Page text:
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Wednesday, 17.02.2010
Dynamic Order

Continuous Library Inventory
using RFID Technology

Beyond the possibilities and limitations of traditional and modern systems of library organization

Presentation on the RFID system for the continuous inventory of the Art Library and short talks on the subjects of ways of organizing libraries and the use of RFID technologies for ubiquitous computing, with Boris Brun, dipl. Ing. FH; Silvio Frigg, Stiftsbibliothek St.Gallen; Dr. Christian Kern, Infomedis; Prof. Dr. Frédéric Thiesse (Institute for Technology Management, University of St.Gallen).

Continuous Inventory using RFID Technology—Associative insights into the interfaces of various interests

The opening up of the Library in the Sitterwerk to the public takes place using modern technology. The books are equipped with so-called intelligent tags. These RFID tags, which are glued to the inside of the book cover, hold the bibliographic information in a radio chip. By means of radio waves, antenna and an electronic reading and writing device, these chips can connect with the digital catalogue.

The RFID technology has up to now been used in libraries exclusively for handling library loans and as protection against theft. On the other hand, it is often used in modern storage technology to enable chaotic and thus space-saving storage. Extensive inventories that are constantly changing, e.g. in a production facility, are therefore not stored temporarily in a spatially structured manner but simply placed where there is currently space. So that this storage is, nevertheless, still efficient, it is necessary that the goods stored can always be found immediately. Such continuous inventory is made possible through locating goods by means of RFID technology.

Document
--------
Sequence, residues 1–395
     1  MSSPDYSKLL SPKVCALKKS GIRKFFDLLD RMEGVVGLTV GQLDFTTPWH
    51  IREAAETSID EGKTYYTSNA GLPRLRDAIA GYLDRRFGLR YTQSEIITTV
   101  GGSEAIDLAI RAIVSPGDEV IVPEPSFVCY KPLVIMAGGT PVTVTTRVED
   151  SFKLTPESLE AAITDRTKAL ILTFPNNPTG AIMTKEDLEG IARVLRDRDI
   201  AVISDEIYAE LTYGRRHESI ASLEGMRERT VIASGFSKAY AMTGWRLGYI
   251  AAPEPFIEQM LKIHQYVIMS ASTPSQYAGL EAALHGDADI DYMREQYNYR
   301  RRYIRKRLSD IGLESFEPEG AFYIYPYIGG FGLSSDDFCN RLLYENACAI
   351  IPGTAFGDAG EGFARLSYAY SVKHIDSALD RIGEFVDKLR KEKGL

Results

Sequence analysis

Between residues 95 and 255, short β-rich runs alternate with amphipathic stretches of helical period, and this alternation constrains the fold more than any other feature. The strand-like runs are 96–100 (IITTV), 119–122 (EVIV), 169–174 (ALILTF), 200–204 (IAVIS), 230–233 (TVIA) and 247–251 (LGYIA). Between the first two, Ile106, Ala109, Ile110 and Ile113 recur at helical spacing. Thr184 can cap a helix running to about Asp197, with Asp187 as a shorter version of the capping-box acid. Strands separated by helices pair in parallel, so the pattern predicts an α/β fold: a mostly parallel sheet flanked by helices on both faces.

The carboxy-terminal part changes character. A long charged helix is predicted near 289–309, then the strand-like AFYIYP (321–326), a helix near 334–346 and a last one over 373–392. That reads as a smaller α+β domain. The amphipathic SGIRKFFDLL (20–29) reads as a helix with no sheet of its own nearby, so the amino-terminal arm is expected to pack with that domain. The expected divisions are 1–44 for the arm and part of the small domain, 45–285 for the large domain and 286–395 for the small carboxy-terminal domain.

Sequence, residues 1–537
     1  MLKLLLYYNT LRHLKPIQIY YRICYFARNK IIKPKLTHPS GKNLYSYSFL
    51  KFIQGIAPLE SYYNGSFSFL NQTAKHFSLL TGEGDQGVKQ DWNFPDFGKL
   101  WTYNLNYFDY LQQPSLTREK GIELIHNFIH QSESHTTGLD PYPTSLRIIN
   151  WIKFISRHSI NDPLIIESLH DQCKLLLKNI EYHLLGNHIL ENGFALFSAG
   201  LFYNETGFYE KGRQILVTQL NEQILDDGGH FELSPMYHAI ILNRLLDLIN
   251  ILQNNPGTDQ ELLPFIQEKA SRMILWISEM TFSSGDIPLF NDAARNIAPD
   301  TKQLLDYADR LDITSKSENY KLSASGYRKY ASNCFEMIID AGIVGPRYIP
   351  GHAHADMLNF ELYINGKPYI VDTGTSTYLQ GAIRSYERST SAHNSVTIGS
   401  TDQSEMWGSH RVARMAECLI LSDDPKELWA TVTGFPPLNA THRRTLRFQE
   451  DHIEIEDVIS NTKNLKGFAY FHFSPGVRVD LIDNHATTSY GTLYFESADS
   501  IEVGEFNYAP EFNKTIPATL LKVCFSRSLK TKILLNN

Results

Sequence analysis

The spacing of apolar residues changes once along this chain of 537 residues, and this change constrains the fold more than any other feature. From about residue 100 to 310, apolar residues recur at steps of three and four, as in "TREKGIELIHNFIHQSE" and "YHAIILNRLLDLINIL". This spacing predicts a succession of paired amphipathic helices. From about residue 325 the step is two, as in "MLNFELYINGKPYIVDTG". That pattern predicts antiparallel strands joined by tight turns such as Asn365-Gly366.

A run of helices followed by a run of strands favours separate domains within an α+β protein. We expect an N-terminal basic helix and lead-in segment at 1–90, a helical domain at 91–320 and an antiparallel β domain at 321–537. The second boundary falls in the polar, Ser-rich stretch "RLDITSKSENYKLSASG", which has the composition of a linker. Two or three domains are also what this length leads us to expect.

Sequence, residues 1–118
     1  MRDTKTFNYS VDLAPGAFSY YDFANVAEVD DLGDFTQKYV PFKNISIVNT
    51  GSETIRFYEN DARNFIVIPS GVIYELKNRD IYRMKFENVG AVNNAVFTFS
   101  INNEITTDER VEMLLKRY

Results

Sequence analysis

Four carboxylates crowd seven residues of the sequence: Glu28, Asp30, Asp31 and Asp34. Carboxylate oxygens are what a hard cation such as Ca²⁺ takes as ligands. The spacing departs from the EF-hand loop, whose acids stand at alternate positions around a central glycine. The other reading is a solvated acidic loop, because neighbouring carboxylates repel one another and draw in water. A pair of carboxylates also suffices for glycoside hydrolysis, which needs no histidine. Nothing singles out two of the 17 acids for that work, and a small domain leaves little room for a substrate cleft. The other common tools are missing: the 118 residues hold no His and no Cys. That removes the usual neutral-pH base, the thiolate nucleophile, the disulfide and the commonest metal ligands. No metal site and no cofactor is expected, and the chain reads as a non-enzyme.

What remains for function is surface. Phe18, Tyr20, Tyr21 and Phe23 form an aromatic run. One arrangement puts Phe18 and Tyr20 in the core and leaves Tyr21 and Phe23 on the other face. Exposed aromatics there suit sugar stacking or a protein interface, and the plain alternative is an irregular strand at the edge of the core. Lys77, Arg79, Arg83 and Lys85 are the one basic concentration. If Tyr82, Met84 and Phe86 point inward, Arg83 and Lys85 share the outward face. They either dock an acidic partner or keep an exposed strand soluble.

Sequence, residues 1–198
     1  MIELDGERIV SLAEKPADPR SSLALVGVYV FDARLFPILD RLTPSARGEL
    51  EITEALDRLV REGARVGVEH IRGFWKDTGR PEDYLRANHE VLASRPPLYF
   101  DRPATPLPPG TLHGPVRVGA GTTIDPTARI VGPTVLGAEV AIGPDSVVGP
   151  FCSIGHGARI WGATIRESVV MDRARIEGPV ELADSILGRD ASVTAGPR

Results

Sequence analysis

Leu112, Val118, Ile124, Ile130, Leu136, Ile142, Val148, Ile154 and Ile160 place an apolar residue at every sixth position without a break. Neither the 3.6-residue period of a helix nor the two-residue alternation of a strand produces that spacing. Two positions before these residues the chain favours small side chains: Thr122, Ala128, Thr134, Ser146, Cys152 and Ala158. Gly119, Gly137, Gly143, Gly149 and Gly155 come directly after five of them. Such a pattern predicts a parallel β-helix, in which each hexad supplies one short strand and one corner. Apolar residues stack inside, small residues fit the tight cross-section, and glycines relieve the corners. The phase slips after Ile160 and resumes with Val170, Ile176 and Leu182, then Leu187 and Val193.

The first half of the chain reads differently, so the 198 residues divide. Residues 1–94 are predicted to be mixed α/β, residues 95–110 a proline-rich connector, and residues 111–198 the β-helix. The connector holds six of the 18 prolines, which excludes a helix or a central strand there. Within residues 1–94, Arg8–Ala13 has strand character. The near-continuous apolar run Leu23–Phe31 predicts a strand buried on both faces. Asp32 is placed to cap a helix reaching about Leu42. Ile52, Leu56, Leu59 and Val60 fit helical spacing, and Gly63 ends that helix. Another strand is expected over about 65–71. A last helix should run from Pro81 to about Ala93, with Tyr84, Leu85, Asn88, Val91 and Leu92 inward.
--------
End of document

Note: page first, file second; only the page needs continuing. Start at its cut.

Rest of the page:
In the Library in the Sitterwerk, these two uses of RFID technology are now being combined with one another for the first time in a pilot project: the reading device for this radio-frequency-identification (RFID) technology is now, and initially uniquely, able to register all of the shelves of the Library. In this way, the storage-technical principle of continuous inventory can now be used in the Library. In order to do so, the antenna of the reading device has to be led past the bookshelves by means of an automated mechanical system.

This mechanical system is currently being developed, constructed and installed in the Library, and its operation checked by the mechanical engineer Boris Brun within the framework of a project especially for the Sitterwerk. When the goal of being able to recognize the current location of every book has finally been achieved, this innovative application of RFID technology in library administration will open up perspectives far beyond streamlining. The constraint to use the library in a disciplined manner will become superfluous. Every book can be placed anywhere and everyone can still find it nevertheless. This will result in a dynamic order for the library, in which groups of books are created and again disperse. These represent references generated by individual users with their diverse objectives and working methods. At the interface of various interests, cross-references are created as a result of fertile coincidences that allow for unexpected insights.